family, home, or correspondence.

Section 2  Respect for Civil Liberties, Including:

     a.  Freedom of Speech and Press

Although the Constitution provides for freedom of speech and 
press, the Government does not fully respect this in practice 
and frequently uses its control over access to the media to 
prevent opposition viewpoints from reaching the general 
public.  In 1993 the Government threatened to revoke the 
editor's work permit and the publication license of Vanuascope, 
an independent newspaper, because it defied a government ban on 
covering the statements of an opposition political party.  With 
the demise of Vanuascope early in 1994 due to financial losses, 
the Government controls all of the nation's domestic media.  In 
December the Prime Minister's Office instructed the 
government-run Vanuatu Broadcasting and Television Corporation 
to submit stories on political events for approval, ostensibly 
to ensure their accuracy.

A Pacific regional news agency (PACNEWS) was permitted to move 
its headquarters to Vanuatu in January 1994 and has continued 
to enjoy freedom to transmit its stories throughout the region, 
even when they include criticism of political leaders in the 
country.  Correspondents for international media are also 
allowed to report from Vanuatu without interference; they write 
largely for external audiences.  Even so, the Government 
continues to manipulate the media to its advantage.  The 
political opposition and trade unionists often encounter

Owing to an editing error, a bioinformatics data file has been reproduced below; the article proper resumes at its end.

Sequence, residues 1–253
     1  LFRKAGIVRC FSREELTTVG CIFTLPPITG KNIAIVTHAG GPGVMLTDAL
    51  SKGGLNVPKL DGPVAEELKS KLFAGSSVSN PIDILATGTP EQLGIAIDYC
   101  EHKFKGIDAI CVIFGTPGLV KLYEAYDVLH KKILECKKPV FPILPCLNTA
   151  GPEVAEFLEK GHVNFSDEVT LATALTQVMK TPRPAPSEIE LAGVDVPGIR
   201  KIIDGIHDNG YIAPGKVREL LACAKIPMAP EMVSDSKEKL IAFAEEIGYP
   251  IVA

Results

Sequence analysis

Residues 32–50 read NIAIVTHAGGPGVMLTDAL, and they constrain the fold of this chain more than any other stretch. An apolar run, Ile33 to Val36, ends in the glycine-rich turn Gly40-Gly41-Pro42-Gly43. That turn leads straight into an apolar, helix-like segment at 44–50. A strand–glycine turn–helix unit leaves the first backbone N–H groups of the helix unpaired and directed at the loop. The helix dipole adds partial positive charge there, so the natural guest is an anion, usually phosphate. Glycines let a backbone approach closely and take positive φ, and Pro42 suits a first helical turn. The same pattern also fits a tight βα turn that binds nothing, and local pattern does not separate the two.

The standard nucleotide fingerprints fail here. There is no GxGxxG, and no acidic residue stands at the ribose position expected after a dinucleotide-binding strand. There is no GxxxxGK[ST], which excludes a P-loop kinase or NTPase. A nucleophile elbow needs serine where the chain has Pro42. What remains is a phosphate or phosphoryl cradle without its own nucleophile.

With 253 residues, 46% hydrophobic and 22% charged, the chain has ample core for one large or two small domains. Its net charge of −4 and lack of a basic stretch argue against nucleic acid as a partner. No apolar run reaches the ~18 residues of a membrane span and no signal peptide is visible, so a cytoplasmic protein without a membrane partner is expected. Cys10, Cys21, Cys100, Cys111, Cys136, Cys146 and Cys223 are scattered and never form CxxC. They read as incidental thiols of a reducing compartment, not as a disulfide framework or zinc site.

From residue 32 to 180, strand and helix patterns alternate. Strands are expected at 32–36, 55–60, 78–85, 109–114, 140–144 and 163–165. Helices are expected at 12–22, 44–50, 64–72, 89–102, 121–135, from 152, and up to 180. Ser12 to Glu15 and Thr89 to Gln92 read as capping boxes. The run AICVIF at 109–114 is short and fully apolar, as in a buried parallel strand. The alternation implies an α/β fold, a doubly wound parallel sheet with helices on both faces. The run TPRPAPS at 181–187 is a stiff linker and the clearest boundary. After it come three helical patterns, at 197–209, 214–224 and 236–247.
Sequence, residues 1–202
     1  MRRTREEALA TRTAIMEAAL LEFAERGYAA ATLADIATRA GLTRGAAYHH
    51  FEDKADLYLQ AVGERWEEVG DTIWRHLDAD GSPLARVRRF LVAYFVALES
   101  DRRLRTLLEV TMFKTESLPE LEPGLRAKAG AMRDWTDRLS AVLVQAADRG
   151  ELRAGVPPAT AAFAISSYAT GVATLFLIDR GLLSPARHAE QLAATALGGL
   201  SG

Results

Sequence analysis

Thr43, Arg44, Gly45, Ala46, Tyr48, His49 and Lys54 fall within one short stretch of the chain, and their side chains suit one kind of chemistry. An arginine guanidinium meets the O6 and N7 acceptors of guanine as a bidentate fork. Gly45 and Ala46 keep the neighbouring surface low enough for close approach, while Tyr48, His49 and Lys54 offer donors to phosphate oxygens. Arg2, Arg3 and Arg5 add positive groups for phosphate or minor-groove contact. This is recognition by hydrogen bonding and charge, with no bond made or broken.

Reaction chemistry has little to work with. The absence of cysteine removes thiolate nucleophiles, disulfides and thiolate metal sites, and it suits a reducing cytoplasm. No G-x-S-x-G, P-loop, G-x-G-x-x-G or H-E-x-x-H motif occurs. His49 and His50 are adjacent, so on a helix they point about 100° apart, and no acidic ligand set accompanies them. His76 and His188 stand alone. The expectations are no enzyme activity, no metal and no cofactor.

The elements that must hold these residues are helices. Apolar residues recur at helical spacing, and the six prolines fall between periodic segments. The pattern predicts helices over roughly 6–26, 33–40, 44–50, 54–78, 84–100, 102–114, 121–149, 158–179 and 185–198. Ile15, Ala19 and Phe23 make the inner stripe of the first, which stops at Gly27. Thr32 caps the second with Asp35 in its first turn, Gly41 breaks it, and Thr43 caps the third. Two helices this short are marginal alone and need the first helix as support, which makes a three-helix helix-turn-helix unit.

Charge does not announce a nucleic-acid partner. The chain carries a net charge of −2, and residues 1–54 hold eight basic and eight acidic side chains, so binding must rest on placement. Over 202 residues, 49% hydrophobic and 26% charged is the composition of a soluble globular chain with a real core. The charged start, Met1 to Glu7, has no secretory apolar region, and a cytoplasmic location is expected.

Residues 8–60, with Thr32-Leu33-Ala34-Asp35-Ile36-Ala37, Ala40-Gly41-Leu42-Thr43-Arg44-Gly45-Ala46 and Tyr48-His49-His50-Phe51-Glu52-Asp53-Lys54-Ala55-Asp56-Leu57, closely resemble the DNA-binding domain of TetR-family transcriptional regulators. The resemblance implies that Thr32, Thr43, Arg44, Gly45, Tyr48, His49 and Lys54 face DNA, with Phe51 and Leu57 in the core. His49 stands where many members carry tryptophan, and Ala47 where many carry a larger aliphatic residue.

difficulty in getting press statements broadcast and published 
in state-controlled media.  The national court tends either to 
uphold the Government's ban on access to media or to refuse to 
hear such cases.

     b.  Freedom of Peaceful Assembly and Association

Permits must be obtained to hold public demonstrations and 
rallies.  In response to a general strike (see Section 6.a.), 
the Government in February obtained a court order prohibiting 
picketing on government property.

The Government did not restrict the forming of political 
parties or other groups.

     c.  Freedom of Religion

The law provides for freedom of religion and the Government 
generally respected it in practice.  Missionaries of various 
Christian denominations work without restrictions.

     d.  Freedom of Movement Within the Country, Foreign 
         Travel, Emigration, and Repatriation

All citizens are free to travel internally and externally and 
to return from abroad without restrictions.  In the wake of an 
extended strike (see Section 6.a.), the Government stopped an 
athlete from leaving the country to compete in regional 
championships.

Section 3  Respect for Political Rights:  The Right of Citizens 
           to Change Their Government

Citizens have the right freely to change the Government through 
periodic multiparty elections.  The Constitution provides for 
parliamentary elections every 4 years.  The Government is a 
coalition of Prime Minister Maxime Carlot Korman's Francophone 
Union of Moderate Parties and the Deputy Prime Minister's